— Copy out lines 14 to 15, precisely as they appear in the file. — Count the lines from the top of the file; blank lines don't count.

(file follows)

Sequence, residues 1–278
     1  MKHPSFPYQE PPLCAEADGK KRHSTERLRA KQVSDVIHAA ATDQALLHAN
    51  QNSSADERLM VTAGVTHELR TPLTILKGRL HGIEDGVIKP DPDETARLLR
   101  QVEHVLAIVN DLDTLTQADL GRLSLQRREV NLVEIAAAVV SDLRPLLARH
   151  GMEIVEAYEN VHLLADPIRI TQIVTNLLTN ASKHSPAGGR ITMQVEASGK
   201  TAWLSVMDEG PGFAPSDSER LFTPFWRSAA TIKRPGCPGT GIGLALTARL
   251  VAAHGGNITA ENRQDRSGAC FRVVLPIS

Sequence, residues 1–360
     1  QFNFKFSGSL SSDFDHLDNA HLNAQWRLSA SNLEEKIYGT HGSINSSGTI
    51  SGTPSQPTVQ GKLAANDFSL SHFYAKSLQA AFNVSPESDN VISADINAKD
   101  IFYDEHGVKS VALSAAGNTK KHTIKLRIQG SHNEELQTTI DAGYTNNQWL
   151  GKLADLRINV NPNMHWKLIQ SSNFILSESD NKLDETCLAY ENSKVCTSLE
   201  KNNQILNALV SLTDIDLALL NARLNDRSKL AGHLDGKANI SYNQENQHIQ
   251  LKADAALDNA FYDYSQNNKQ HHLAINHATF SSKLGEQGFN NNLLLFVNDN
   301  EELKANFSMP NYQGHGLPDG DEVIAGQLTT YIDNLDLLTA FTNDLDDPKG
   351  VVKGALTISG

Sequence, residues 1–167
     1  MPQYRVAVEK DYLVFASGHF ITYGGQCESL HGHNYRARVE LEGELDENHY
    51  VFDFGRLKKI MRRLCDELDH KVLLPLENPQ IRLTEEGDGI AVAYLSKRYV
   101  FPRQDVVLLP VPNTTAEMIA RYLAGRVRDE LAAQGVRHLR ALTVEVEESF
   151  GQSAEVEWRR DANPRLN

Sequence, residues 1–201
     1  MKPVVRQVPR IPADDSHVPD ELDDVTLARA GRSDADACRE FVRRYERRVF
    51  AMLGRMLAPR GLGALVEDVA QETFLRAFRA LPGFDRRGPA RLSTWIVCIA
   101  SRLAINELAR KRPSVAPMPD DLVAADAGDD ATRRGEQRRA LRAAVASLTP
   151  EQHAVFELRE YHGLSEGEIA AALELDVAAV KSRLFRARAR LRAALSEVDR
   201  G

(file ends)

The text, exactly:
   251  LKADAALDNA FYDYSQNNKQ HHLAINHATF SSKLGEQGFN NNLLLFVNDN
   301  EELKANFSMP NYQGHGLPDG DEVIAGQLTT YIDNLDLLTA FTNDLDDPKG